The Effects of the Internet on Learning
Thanks to the Internet, we all share and sometimes seek out our peers’ experiences and perspectives; in a way, the content and ideas disseminated across the web have a tangible influence on our own thinking and behavior. We may even make choices based on what’s in the popular press, or from a series of helpful “lessons learned” articles. This mix of impulsive exposure and self-centered satisfaction in making meaning out of our education seems like it would be chaotic, at best, and at worst, harmful.
How often do you start a new book, new blog post, or new article just to seek consensus with peers? Or, do you strive to get an understanding on a particularly tricky subject to the broadest set of readers possible? When we’re feeling creative or motivated, we often draw connections that point us to the source of what we’re working on. This part of our mind is essential to our continual development, but can be a downfall when it robs us of time to focus on internal and external growth. We can all benefit from learning more about how the Internet affects learning and development.
There is research on the influence that certain styles of learning have on how well one learns and how long one stays in that learning experience. Scientists have found that reading in the slow-paced Proustian form is consistently more satisfying than speed reading. That’s all very good, but how do we decide which kinds of learning paths are “good” and which ones are “bad”?
So, how do we know?
The four pillars of a meaningful life
Books on learning
The most common way to study is to read, and people of all ages are doing it at varying speeds and difficulty levels. While some people love to read so fast that the text makes your eyes strain, others would rather read at a slow-enough pace that it feels as though they’re in the middle of a conversation. Books on learning often include short lists of 5-10 books, and everyone gets a share of them. Some recommendations range from classics like Ancient Greece, Jane Austen, or Moby Dick, through new books like Lessons, An Explosive Book for Your Teaching Life, and Echoes.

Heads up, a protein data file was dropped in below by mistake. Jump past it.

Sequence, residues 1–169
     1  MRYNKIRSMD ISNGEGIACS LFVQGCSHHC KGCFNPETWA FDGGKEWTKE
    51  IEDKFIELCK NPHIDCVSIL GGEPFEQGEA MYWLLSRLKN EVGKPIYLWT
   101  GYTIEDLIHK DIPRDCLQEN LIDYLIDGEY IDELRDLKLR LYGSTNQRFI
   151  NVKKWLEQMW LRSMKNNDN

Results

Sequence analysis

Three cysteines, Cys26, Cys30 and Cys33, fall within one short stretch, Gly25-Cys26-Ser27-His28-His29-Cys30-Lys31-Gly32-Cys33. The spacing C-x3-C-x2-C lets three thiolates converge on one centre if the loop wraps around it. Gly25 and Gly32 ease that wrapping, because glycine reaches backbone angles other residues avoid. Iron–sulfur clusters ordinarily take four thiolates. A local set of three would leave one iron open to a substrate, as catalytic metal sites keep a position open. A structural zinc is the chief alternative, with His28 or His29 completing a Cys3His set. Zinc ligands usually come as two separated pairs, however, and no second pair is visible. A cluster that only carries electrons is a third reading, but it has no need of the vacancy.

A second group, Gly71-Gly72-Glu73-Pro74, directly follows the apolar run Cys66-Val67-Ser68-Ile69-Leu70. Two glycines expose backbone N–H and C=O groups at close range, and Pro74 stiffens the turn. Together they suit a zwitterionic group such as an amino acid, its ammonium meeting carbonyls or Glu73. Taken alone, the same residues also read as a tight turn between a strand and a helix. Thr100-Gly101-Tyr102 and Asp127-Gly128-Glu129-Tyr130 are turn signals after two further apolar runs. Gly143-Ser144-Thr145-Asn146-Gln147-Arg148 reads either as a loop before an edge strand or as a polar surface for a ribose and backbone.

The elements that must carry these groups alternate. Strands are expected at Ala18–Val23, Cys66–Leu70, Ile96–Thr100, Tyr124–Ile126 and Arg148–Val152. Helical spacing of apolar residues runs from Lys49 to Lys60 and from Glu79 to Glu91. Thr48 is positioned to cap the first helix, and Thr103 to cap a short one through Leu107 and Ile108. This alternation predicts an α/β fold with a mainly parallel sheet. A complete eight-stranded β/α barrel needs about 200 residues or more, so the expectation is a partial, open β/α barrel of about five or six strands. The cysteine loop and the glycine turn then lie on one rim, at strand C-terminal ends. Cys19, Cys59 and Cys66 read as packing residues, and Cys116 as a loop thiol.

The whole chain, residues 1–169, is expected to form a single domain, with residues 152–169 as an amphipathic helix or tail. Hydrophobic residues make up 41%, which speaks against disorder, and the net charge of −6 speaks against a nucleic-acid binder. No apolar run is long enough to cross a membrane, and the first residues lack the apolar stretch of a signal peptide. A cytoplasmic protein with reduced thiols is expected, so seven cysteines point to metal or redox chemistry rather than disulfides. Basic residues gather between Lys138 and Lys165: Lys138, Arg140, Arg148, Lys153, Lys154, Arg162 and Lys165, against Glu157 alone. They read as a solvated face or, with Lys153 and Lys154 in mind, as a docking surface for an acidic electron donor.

Books on art
Online professionals (i.e. writers, editors, and designers) like these books on art because they are fun to browse and give them a goal. Other books on art, like Born to Run by Christopher McDougall, explore topics that many people are fascinated by, including friendship, perseverance, and childhood memories.
Teaching materials and a curriculum
In a world where we can find almost anything on the Internet, it’s hard to know where to start when we’re looking for help with our reading assignments, writing assignments, or other learning activities. However, some of the most interesting books on teaching point out concepts and strategies that are easy to learn at home or in a classroom. Alastair Humphreys, for example, touches on everything from teacher training to creative programming to creating unique learning ecosystems.
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Educators read these books, too. Our ability to learn is more dependent on the support we get from teachers, and even though they might not write books themselves, they can share resources and have lots of teachers reach out. Dr. Caroline LeRoy recommends books like Teen Buddies, Teaching Teens, and A Teen Mind for Kids for those who believe teens should be at the center of any classroom discussion.
Ways to evaluate learning, and others
Then there are various surveys on the subject. A 2014 report by the World Intellectual Property Organization finds that 58% of English language teachers agree that they work in a highly competitive environment where professional development is important to stay relevant. In this environment, books that say the same thing in different languages and over different formats can have a profound effect on students’ understanding of the lessons.
All these books aim to meet learners where they are in their learning journeys, and we may want to add others we haven’t yet considered! With just a few days left before the semester ends, it may be wise to start planning and doing a little more planning for next year’s learning experiences and exams! Remember, no just because your book or other resources are online doesn’t mean they don’t have different and different implications for learners!
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